Ready for your new life in sunny Spain? Spare yourself the cost and embarrassment of emigrating the wrong way with our expat’s guide on how to move to Spain.
Spaniards take pride in dressing smartly for work and at the weekends. It’s considered inappropriate to wear beach attire on the streets. Flip flops are strictly for the pool or beach and it’s illegal to drive in them (or to drive barefoot). Make sure you cover bare shoulders and don’t wear shorts when entering a church, or you might be asked to leave.
Things can be pretty different in January when the beach is cold and deserted. Winter is nippy in many regions, houses aren’t insulated and there’s no UK fuel benefit for pensioners. So don’t depend on Spain for year-round sun. If you’re thinking about moving, it’s important to consider the weather outside of peak season.
You have the right to live and work in Spain as an EU citizen. But you need to register on the Empadronamiento at the local municipality after living in Spain for four months. Registering allows you to apply for a social security number, and you’ll need to get a medical card at the local clinic. Your national identity card lets you purchase property, open a bank account and access other services in Spain.
If you’re a pensioner planning to live in Spain, make sure you fill out an S1 form before you move. You’ll need to register your completed S1 form with the local Seguridad Social office before you can make an appointment with your local GP and get your medical card. Lots of expats get medical insurance because public healthcare only covers about 70% of medical expenses.
There are three ways to move your furry pals. The most expensive is through a pet travel service. It’ll cost about £1,000 to transport a pair of cats from Manchester to Malaga. Bringing them in the car might be less stressful for your pets – and less expensive, too. It takes about 27 hours to drive from the UK to Malaga, so you’d need to stay in pet-friendly hotels. There’s also the ferry, which will get to you to Malaga in a day. A cabin berth for two costs around £950.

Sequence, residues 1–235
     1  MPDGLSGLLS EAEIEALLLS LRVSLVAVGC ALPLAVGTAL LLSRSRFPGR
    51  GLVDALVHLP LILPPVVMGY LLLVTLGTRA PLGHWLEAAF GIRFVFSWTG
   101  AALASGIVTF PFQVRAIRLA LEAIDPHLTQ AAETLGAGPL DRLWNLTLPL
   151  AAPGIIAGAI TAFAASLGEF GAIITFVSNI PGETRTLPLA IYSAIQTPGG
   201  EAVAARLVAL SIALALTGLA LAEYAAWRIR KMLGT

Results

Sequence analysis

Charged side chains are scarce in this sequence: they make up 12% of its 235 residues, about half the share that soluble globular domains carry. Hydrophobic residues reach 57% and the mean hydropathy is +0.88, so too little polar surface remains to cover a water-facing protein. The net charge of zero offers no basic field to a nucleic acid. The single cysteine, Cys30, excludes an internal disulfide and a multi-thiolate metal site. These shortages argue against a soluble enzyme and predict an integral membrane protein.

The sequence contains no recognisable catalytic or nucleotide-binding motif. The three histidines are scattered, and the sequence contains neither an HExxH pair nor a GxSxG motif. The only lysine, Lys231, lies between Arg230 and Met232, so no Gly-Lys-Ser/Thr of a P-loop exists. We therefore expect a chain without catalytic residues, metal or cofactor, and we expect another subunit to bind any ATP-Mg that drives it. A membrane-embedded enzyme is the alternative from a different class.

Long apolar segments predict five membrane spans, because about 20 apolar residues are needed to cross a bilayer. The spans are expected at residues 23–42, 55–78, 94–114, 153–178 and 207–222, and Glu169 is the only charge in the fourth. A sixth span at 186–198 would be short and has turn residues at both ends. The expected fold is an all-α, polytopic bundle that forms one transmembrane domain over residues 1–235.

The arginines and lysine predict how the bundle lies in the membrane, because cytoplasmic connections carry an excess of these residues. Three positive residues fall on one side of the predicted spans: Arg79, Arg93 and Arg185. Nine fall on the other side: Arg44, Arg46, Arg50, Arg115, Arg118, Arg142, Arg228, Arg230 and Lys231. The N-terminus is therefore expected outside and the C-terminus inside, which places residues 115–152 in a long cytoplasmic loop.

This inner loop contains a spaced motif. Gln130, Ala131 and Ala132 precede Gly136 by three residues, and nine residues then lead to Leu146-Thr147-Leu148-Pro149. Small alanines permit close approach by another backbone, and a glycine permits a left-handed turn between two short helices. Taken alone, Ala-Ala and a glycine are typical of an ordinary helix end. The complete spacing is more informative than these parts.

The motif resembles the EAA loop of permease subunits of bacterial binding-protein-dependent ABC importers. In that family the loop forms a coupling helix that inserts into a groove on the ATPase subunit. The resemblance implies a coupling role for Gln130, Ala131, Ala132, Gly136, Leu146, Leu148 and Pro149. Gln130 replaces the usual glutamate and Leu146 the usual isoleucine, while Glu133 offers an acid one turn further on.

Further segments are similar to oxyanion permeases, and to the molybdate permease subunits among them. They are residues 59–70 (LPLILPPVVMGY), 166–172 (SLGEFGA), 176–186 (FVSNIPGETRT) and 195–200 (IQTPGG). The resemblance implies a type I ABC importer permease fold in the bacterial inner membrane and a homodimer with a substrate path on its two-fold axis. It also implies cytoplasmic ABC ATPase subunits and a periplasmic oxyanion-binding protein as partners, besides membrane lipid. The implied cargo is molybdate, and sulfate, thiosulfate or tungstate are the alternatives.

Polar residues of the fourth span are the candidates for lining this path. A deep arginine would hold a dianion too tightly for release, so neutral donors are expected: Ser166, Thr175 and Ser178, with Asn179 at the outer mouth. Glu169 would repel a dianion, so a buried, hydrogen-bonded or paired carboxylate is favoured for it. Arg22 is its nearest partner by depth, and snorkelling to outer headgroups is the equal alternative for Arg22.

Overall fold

If you drive your UK-plated car for more than 30 days after applying for residency, you could be in big trouble. Insurance might not cover accidents, and the police will impound vehicles and charge huge fines if you’re caught skipping the deadline. You need to transfer your vehicle into Spanish registration within 30 days after becoming a resident, which means getting it inspected (Spain’s equivalent of an MOT is an ITV), taxed and insured.
Lots of people hire a consultant to help them move to a new country. Many make the task seem harder than it is – so they can charge a hefty fee for their services. But if you hunt around forums, Facebook groups, and other websites with your questions, you’ll save a lot of money. It can also help you to make friends online – so even if you’re living in rural Spain, you won’t be isolated.
Our Spanish friends dine at different times to Brits. A 7 a.m. breakfast of churros and hot cocoa is traditional, as is a massive multi-course lunch in the afternoon. Evening meals tend to be lighter, and might not finish until midnight. Look for menu boards advertising Menu del Dia around 2 p.m. You’ll get a three-course feast of the chef’s best dishes that averages only €11 per person, including wine.
Currency exchange companies (like us) specialise in saving you money when transferring your sterling into euros. If you’re purchasing property, your currency broker can save you money by locking in a good exchange rate with a fixed forward – or other options. You’ll have more to spend if you transfer your pension or send any regular payments through a currency company, too.
Try to learn some Spanish. The locals will love it because 60% of expats don’t speak the language. Volunteering for charities is another way to get to know both locals and expats. You could also join rescue groups to help save Spain’s stray cats (there are lots of them). Or you could donate funds, walk the shelter dogs or foster kittens and puppies.
*The information in this article is correct at the time of publishing (September 2019). It could change depending on the outcome of Brexit. *
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